Curious to Know More?
    Listen to the conversation between Lonza and Cybrexa Therapeutics researchers in this episode of the podcast "A View On."


    KEY TERMS:

    Acidity of cancer cells: Current research shows that cancer cells exhibit a type of cell metabolism known as aerobic glycolysis, a process that generates lactic acid and creates a more acidic environment in and around tumors.

    Cell-penetrating peptide: Peptides are strings of amino acids that can be utilized for drug delivery. They are wobbly in structure and ineffective at penetrating cells under normal pH levels but rigidify when reaching acidic environments and can then enter the targeted cell.

    Linkers: A chemical bond that allows for a drug to attach to its carrier and be delivered to a specific target. For Cybrexa, this bond connects the peptide to the cytotoxic molecule or DNA inhibitor for efficient targeting of cancer cells and tumors.

    Cytotoxic drugs: Cytotoxic drugs in cancer therapy, such as chemotherapy, are not only toxic to cancer cells but do damage to other healthy cells, creating unwanted side effects to treatment. New research is showing how, when combined with cell-penetrating peptides, cytotoxic molecule delivery can be limited to the acidic environments of cancer cells, thereby avoiding off-target toxicity and bystander killings.

    DNA repair inhibitors: A relatively recent form of cancer treatment that oncologists often use in conjunction with chemotherapy. Inhibiting the repair mechanisms of cancer cells effectively turns the table on the tumor, the cancerous cells of which have hijacked the healthy DNA of a patient and use the cells natural repairing properties to become resistant to chemotherapy. By employing DNA repair inhibitors targeted specifically to cancer cells, researchers hope to increase the effectiveness of chemotherapy and reduce its side effects.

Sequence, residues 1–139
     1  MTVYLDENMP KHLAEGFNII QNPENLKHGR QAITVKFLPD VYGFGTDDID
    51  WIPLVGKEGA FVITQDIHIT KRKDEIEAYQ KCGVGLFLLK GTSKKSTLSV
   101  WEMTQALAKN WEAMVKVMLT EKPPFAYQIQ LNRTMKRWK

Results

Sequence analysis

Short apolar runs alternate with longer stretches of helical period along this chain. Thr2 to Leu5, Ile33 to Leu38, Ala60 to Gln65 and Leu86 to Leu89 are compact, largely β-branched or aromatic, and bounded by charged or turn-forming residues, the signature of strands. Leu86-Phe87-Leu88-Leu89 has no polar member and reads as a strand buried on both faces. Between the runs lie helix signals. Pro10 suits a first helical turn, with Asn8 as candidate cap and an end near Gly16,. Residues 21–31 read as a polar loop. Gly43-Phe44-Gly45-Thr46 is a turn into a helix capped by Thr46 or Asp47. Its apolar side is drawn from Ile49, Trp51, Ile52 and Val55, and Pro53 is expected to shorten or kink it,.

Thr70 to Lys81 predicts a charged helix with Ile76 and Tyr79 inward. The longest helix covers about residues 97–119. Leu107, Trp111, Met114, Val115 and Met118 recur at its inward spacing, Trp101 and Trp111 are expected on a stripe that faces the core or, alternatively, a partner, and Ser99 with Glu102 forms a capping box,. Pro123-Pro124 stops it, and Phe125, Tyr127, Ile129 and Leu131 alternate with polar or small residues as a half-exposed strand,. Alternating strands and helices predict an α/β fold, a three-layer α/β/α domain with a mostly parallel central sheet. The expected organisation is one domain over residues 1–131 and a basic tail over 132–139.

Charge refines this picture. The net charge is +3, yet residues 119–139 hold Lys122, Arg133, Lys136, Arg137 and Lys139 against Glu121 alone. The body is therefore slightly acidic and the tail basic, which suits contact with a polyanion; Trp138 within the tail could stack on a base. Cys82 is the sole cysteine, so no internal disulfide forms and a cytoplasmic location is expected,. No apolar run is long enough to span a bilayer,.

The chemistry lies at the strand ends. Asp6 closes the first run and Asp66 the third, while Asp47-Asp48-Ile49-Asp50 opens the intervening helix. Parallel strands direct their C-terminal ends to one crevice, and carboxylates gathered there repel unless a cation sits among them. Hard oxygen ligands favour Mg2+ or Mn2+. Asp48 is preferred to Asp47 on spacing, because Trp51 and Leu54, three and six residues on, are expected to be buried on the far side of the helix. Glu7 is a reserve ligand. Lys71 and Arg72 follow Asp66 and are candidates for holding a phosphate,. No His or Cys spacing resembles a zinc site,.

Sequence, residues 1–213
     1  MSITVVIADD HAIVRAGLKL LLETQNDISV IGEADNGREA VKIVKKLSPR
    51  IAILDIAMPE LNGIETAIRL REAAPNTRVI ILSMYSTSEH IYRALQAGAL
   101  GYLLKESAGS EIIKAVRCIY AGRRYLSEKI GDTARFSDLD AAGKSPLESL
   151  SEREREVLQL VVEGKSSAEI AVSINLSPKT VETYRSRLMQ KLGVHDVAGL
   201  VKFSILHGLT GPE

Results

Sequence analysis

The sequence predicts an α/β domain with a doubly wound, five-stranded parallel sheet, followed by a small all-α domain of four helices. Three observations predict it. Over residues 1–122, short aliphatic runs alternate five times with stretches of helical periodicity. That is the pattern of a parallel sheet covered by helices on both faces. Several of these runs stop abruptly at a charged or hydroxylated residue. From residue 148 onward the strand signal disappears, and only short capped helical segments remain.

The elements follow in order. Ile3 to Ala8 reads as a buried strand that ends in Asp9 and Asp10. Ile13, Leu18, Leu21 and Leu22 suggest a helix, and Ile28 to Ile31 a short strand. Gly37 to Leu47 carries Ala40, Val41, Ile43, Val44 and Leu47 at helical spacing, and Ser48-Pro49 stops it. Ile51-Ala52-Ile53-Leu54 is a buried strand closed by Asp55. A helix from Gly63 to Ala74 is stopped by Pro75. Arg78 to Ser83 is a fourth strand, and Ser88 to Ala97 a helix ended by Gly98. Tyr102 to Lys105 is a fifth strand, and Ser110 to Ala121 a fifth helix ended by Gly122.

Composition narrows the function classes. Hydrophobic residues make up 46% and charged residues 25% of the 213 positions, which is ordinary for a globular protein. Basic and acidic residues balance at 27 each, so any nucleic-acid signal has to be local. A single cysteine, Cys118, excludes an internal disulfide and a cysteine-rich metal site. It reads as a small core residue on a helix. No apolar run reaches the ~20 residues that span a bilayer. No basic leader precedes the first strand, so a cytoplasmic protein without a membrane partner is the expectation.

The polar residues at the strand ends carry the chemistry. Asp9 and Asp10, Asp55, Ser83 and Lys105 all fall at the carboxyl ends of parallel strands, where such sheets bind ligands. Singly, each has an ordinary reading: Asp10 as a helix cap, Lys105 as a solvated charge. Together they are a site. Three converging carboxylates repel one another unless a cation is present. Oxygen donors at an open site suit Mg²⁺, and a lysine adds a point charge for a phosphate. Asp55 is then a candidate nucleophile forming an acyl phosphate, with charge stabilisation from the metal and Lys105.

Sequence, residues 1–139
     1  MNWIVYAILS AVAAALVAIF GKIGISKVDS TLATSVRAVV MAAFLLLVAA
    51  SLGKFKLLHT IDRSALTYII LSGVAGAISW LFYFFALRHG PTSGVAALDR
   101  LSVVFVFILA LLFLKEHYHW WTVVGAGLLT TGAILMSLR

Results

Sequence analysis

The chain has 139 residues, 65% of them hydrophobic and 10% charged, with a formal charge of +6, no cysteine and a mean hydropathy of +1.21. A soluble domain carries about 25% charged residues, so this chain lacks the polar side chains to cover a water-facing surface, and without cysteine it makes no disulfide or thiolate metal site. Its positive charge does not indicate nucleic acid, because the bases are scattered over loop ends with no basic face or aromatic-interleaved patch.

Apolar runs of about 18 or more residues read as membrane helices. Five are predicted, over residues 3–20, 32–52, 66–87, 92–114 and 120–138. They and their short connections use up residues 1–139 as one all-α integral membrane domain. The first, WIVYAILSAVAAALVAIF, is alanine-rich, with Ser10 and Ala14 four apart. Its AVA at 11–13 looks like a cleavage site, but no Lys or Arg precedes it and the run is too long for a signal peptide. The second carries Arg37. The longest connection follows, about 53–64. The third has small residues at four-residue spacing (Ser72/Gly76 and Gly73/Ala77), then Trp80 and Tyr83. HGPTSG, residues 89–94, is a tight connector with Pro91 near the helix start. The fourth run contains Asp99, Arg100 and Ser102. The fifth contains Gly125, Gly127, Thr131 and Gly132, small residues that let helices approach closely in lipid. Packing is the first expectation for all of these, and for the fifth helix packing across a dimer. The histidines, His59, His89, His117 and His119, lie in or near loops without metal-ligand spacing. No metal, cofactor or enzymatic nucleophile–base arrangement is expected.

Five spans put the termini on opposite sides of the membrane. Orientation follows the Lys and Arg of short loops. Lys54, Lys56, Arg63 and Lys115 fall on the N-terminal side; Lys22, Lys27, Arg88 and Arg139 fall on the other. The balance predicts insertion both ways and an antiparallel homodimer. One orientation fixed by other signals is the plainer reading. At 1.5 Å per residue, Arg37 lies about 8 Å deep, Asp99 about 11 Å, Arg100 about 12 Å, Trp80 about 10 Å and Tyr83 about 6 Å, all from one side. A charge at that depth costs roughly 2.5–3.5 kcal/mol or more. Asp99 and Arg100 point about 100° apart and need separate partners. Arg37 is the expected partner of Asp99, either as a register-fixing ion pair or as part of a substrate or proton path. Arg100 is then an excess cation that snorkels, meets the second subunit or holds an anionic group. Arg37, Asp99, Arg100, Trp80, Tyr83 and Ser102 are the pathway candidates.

Dose-limiting toxicity: When the side effects of a drug or other cancer treatment prohibit a dose increase that would otherwise be beneficial to the cancer therapy. By removing this boundary, therapies could be much more efficient in destroying cancerous cells in the body.


  • From the International Space Station to Desktop Printers, 3D Bioprinting Is Revolutionizing Tissue Model Research

    Allevi CEO Ricky Solorzano talks to Lonza about how his company is empowering scientists to print their own tissue models

    Scientists have been printing cells for decades, but with the arrival of 3D bioprinters, getting printed tissue models to behave like living tissue has proved elusive. That is why angiogenesis and vascularization are two holy grails of 3D bioprinting. A recent article published by researchers at biotech company Allevi demonstrates breakthrough research in which a skin tissue model printed on one of their desktop models showed both processes simultaneously. The April 2020 publication in ACS Biomaterials, Science & Engineering illustrates just how fast bioprinting is moving, producing results that were unimaginable five years ago, facilitating the study of tissue models in basic science, disease modeling, and drug discovery. But Allevi is not stopping at Earth-bound breakthroughs. The US company has also secured funding for simultaneous bioprinting experiments on the International Space Station.